Longboards are used mainly for cruising, carving and downhill racing whereas skateboards are more suited for street use with tricks performed on ramps and pipes. Riding styles on skateboards tend to be more focused on street style and freestyle. You’ll see kickflips, ollies and grinding tricks performed almost exclusively on skateboards rather than longboards. As for longboards, they are mostly designed for a fun ride – cruising, as means of transportation. There are however riding styles such as freeriding and downhill riding that are extremely exciting and will definitely bring you an adrenaline rush.
In general, longboards have lengths of between 36 inches and 60 inches while a skateboard will generally measure somewhere between 28 inches and 32 inches. There are some boards that are still considered longboards but are shorter than 36 inches. In such cases, such longboards are known as “mini longboards” rather than a skateboard due to the riding style it is designed for.
Wheel Diameter and Hardness
Besides length, the diameter of the wheels for longboards are typically larger, which is especially important for downhill racing longboards. Larger diameter wheels allow for a greater top speed which is needed for longboard riding styles such as freeriding and downhilling. The durometer rating of longboards also vary depending on the riding style the longboard is designed for. For longboards that are used in downhill racing, softer wheels are generally used as it provides a better grip. On the other hand, longboards that are used in freeriding, where slide tricks are performed, harder wheels are used which allows the longboard to skid. For cruising longboards, wheels that are in the middle of the soft-hard scale are typically used to reduce bumpiness in the ride.
Another thing that people usually don’t consider is weight. In general, longboards – because of their greater deck lengths – are usually heavier when compared to skateboards. However, in recent years, lighter longboards have also start to emerge by incorporating bamboo, which is lightweight, in the construction of longboard decks. In addition to making it easier to carry around, a lightweight longboard is important for those who ride downhill. Who wants to carry a heavy longboard all the way to the top of the hill after each downhill ride?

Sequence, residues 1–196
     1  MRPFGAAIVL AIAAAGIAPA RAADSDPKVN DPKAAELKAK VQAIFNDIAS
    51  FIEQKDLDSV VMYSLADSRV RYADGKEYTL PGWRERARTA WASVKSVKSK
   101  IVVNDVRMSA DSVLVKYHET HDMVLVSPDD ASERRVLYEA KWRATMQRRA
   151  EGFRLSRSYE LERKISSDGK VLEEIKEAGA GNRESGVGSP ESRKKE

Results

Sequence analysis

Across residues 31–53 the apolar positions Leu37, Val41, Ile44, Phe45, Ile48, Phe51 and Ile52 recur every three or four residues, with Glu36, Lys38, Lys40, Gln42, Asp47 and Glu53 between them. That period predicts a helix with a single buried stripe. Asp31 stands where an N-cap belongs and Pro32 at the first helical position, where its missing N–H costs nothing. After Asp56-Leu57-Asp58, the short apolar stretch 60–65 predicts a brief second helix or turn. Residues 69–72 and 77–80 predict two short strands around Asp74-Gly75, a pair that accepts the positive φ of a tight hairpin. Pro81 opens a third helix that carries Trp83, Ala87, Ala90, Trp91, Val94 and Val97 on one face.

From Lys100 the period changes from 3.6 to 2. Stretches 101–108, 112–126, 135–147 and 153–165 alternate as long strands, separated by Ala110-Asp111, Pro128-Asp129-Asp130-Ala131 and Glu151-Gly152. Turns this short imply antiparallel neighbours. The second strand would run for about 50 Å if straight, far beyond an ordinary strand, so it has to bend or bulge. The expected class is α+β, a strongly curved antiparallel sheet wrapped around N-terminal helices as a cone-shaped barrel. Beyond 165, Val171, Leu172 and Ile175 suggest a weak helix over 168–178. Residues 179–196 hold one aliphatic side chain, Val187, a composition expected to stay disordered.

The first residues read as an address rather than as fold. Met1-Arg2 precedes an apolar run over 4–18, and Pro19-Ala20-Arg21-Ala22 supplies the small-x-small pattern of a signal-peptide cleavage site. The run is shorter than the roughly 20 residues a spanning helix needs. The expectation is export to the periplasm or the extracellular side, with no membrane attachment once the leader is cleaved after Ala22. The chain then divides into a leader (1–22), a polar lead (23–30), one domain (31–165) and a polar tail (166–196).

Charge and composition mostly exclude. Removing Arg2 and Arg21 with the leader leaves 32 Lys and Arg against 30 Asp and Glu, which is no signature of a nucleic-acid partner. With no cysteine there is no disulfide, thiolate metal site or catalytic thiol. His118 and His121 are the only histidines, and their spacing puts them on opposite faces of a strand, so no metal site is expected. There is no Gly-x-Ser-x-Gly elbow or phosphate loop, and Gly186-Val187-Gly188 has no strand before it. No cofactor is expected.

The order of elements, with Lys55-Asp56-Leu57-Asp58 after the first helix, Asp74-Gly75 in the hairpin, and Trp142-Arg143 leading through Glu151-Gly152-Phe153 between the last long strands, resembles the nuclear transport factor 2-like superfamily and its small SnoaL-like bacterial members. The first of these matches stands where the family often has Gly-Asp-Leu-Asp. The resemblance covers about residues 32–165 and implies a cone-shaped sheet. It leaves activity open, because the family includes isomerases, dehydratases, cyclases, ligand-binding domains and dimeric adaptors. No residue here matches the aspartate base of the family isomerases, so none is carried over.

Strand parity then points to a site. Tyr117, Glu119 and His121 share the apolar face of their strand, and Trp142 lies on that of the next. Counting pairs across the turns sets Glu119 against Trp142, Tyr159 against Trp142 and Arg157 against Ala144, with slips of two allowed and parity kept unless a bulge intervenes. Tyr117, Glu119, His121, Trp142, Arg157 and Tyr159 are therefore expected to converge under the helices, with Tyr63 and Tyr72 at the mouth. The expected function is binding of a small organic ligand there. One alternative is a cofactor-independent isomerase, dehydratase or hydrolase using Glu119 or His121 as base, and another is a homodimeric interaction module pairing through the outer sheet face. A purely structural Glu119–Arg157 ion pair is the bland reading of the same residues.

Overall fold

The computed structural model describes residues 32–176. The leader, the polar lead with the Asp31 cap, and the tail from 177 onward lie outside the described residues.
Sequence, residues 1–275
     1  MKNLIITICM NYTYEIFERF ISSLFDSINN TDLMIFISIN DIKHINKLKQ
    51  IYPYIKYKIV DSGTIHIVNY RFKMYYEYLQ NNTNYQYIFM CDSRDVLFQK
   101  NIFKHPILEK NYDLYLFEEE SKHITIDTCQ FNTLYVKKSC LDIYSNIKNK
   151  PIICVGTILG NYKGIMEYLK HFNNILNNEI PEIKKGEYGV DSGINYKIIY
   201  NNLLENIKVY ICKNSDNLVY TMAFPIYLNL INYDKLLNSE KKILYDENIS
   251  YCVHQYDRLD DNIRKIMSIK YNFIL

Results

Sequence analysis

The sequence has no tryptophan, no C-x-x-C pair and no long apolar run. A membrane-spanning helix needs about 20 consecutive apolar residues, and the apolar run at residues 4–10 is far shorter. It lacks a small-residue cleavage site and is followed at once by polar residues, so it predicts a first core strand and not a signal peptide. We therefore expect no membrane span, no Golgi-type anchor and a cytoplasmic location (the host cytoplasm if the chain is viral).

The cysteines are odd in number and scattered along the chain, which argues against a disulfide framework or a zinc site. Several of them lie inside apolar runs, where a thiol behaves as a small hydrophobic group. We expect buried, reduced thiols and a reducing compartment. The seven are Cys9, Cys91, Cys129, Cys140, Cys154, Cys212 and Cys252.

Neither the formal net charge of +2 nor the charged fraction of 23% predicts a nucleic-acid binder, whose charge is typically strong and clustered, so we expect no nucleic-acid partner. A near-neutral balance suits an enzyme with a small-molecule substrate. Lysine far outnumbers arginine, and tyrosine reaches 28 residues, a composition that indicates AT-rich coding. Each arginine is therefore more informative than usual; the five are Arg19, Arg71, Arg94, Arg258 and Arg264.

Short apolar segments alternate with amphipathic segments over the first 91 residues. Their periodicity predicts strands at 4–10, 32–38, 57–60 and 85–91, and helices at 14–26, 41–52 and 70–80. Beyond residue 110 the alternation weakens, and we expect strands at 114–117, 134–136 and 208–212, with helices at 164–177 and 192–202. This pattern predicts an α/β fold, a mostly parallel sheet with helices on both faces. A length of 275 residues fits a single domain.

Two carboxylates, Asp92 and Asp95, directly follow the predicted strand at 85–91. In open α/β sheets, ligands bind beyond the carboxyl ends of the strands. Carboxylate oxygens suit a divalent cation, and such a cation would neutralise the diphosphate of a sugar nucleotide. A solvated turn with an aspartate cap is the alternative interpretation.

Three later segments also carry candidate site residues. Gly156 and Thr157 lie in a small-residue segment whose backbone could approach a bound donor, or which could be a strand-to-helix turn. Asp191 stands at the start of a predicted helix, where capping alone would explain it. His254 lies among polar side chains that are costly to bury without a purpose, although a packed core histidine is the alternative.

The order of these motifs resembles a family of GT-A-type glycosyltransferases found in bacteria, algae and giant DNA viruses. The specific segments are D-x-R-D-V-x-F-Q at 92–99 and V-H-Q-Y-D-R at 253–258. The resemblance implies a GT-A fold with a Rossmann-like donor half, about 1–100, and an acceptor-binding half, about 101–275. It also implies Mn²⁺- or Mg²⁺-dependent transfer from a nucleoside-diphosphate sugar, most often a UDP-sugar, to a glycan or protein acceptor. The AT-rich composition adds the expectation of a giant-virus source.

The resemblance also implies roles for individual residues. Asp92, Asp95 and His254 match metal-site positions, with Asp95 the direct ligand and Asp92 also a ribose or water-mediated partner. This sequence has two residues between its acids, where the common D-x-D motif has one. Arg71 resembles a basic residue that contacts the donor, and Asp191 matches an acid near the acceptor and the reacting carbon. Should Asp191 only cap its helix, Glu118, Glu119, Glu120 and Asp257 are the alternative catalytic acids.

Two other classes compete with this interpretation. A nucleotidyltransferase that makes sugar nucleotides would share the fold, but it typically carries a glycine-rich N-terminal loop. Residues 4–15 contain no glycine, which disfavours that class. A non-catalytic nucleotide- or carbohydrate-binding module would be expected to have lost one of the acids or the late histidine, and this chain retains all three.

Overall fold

Skateboards Have Kicktails
Because of the styles and tricks that are usually performed with skateboards, they often come equipped with kicktails. Kicktails are the slight bend at the end of the deck which allows for easy maneuvering of the board. These deck curves are extremely important in performing tricks such as ollies. Some longboards do have one kicktail, but for the most part, they don’t have any.
Commuter Longboard versus Tricky Skateboards
If you’re looking for a commuter board, you’ll want to get longboards. Longboards provide a smoother riding experience when compared to skateboard thanks to their larger, wider and softer wheels. Such wheels found on longboards are more suited for commuting as they act as shock absorbers, reducing any bumps you’ll feel when the longboard roll over cracks or any debris.
In short, the BIGGEST difference between a longboard and a skateboard is the riding styles that each board can handle. Different specifications such as deck length, diameter of the wheel and durometer rating of the wheel are different in both the longboard and the shortboards as a result of the differences in riding styles. If you’re looking to go to skate parks to perform air tricks on ramps, or grind on railings, a skateboard is what you want. On the other hand, if you’re looking for a board that you can use to smoothly get you from point A to point B, or if you like to ride on the roads and hills, a longboard is ideal for you